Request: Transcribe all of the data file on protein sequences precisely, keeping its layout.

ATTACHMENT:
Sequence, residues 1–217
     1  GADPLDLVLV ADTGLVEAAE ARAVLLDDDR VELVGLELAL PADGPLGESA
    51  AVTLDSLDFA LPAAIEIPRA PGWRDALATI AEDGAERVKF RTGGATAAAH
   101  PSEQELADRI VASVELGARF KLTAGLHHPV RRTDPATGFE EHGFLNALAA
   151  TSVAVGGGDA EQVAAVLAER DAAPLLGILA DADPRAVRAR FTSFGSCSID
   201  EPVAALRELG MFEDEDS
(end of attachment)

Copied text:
Sequence, residues 1–217
     1  GADPLDLVLV ADTGLVEAAE ARAVLLDDDR VELVGLELAL PADGPLGESA
    51  AVTLDSLDFA LPAAIEIPRA PGWRDALATI AEDGAERVKF RTGGATAAAH
   101  PSEQELADRI VASVELGARF KLTAGLHHPV RRTDPATGFE EHGFLNALAA
   151  TSVAVGGGDA EQVAAVLAER DAAPLLGILA DADPRAVRAR FTSFGSCSID
   201  EPVAALRELG MFEDEDS